Fairfax County Supervisor John C. Cook, as expected, has formally announced that he is seeking a second term representing the Braddock district, the county’s most closely watched battleground.
“I’m not done yet,” Cook, who is one of three Republicans on the 10-member Board of Supervisors, said late Monday.
Cook has been a member of the Republican trio that has voted against carefully crafted budgets that nonetheless imposed effective tax increases, challenged the school district to do its work more efficiently, and opposed the majority’s commitment to spending money on affordable housing. His is a swing district that had been in Democratic hands with Sharon Bulova before Bulova advanced to chair the Board of Supervisors.
Two Democrats – former School Board member Janet S. Oleszek and political newcomer Christopher J. Wade – will square off in the Aug. 23 primary to face him; a third Democrat, Marc A. Greidinger, has withdrawn.
Oleszek, 64, came within a whisker of defeating then-state Sen. Ken Cuccinelli in 2007, a conservative Republican who has since used his position as Virginia attorney general to grab the national spotlight on several issues. As a School Board candidate, Oleszek said she received the largest number of votes of any Democrat.
“I believe I am the strongest candidate to defeat John Cook, and my record proves it,” Oleszek said Wednesday in a telephone interview. “It is not a leap of faith that I have run these races and done very well.”
Wade, 38, has never run for elective office. The father of three has worked for businesses and run one of his own. He also teaches business as an adjunct professor at George Mason University. He said he has won the backing of several elected officials, including Bulova and Fairfax County supervisor Jeffrey C. McKay (D-Lee).
The race is off to an unusual start, however, with some liberal bloggers harshly challenging Wade’s Democratic Party bona fides because he has voted in two Republican Party primaries.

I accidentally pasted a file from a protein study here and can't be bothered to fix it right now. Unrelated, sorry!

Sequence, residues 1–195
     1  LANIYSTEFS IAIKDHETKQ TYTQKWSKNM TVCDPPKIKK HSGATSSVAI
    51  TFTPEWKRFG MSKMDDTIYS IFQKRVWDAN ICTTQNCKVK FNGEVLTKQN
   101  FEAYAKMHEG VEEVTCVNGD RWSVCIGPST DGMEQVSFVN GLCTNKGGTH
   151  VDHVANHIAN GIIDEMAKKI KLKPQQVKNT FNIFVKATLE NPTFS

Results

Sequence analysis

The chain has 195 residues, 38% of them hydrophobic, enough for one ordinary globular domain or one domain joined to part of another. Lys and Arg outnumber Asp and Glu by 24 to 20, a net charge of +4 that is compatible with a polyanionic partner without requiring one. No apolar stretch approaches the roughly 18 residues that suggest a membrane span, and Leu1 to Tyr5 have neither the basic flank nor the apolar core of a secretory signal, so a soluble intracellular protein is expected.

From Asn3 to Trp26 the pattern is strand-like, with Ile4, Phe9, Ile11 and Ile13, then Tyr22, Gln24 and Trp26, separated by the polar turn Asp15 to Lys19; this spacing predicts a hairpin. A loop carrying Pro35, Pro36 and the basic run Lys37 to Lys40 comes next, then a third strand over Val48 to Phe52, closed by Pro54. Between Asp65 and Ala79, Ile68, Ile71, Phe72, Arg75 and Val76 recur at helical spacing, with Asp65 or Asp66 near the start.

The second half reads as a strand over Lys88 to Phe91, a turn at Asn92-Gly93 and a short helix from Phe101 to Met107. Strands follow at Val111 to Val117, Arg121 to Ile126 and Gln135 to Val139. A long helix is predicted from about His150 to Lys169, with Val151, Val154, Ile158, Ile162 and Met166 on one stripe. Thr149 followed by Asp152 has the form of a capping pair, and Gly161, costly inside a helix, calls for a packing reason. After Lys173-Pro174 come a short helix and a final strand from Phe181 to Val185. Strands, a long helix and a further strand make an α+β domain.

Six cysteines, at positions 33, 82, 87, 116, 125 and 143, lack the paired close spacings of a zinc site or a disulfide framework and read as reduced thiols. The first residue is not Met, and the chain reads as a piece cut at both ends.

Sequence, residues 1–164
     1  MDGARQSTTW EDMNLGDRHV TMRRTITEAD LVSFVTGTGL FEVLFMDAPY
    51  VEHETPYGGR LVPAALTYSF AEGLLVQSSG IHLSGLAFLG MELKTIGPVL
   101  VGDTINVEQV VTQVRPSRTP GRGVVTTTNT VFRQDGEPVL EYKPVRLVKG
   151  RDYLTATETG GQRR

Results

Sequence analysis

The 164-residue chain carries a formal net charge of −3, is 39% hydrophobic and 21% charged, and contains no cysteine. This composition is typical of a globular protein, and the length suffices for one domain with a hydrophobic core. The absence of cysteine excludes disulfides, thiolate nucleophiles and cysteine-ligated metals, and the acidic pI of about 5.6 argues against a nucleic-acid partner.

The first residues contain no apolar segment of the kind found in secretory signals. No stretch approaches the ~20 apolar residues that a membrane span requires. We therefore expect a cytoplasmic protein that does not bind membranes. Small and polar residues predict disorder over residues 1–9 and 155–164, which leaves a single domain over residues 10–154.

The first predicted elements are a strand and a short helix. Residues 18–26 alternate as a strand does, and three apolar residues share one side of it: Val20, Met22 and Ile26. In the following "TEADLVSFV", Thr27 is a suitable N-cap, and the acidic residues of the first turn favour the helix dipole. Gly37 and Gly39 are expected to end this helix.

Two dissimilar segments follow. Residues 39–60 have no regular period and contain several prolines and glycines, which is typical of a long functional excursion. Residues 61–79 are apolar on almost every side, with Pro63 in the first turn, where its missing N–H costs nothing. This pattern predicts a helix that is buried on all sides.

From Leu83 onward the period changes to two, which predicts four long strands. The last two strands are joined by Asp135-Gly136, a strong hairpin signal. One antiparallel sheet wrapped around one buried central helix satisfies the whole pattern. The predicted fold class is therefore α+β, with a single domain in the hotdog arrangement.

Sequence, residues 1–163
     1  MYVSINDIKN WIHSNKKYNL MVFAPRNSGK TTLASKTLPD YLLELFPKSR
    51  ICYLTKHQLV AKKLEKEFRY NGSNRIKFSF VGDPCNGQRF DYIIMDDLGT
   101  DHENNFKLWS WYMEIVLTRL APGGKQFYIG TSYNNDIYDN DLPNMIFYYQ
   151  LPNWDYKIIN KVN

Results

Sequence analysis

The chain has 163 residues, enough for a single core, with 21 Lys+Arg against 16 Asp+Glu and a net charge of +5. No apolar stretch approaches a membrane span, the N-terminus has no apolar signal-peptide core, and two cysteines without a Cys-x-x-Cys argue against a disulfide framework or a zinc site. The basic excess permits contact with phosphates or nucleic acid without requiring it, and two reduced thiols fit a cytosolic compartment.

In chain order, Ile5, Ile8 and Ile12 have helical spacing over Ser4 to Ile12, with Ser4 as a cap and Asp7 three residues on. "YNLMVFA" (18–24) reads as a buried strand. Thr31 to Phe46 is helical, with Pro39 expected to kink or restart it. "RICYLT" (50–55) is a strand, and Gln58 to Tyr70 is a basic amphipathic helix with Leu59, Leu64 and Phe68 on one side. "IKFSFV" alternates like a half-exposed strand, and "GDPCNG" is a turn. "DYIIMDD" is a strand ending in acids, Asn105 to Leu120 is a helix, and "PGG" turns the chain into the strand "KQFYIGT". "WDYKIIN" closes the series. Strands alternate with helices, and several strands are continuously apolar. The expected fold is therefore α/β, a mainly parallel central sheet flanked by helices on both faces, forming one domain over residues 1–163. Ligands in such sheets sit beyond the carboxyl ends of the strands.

Wade, 38, acknowledged that he voted in Republican primaries in 2005 and 2008 (thought he declined to say whom he supported). He said it was in keeping with an independent political philosophy that makes him generally socially liberal and fiscally conservative. In Virginia, voters cannot declare a party affiliation when registering to vote.
Ben Tribbett, who writes the Not Larry Sabato blog, posted an item Thursday that loosely compared Wade to disgraced presidential candidate John Edwards and asked, “What kind of man hides behind his wife in a firefight?”
But Wade and his wife, Stacy — whose late father worked for President Jimmy Carter — dismissed the fuss.
“Chris is not hiding behind my coattails,” Stacy, 39, said, describing herself as a lifelong Democrat. “I would not support him if he was a Republican running as a Democrat.”
Her father was Charles W. “Bill” Maynes, who served as an assistant secretary of state under Carter, including a posting in the former Soviet Union, and later edited Foreign Policy magazine from 1980 to 1997.
In an interview, Wade took some Democratic-sounding shots at Cook: “He hasn’t funded our education. He hasn’t funded police and firefighters. He hasn’t funded other services our residents have come to rely on,” Wade said Monday. The Wades moved to Fairfax County about 10 years ago.
Cook, 47, who is an attorney, said in an interview Monday that he is proudest of his efforts to root out government waste, reclaim the defunct Kings West Swim Club as a parkland, manage neighborhood relations with George Mason University, and help put up sound barriers near North Springfield Elementary School.
Oleszek, who has lived in the Braddock District for 40 years, said that once again, education is an important issue propelling her into the race.
“Since it is the largest item of our county budget, I think it’s important that we have someone who’s knowledgeable about schools on the Board of Supervisors,” Oleszek said.
But education was not the only issue that motivated her to jump into politics again. She said she also believes that the district’s supervisor could do more to improve transportation and the environment. Noting that she raised $1.3 million in her campaign against Cuccinelli, Oleszek said she believes she can take the fight to the GOP incumbent in a district where Republicans continue to make inroads.
“I am a hard campaigner,” she said.
Greidinger could not be reached.
Up for grabs this year are seats on the Board of Supervisors, the School Board, the General Assembly and constitutional offices.
This post has been updated since it was first published.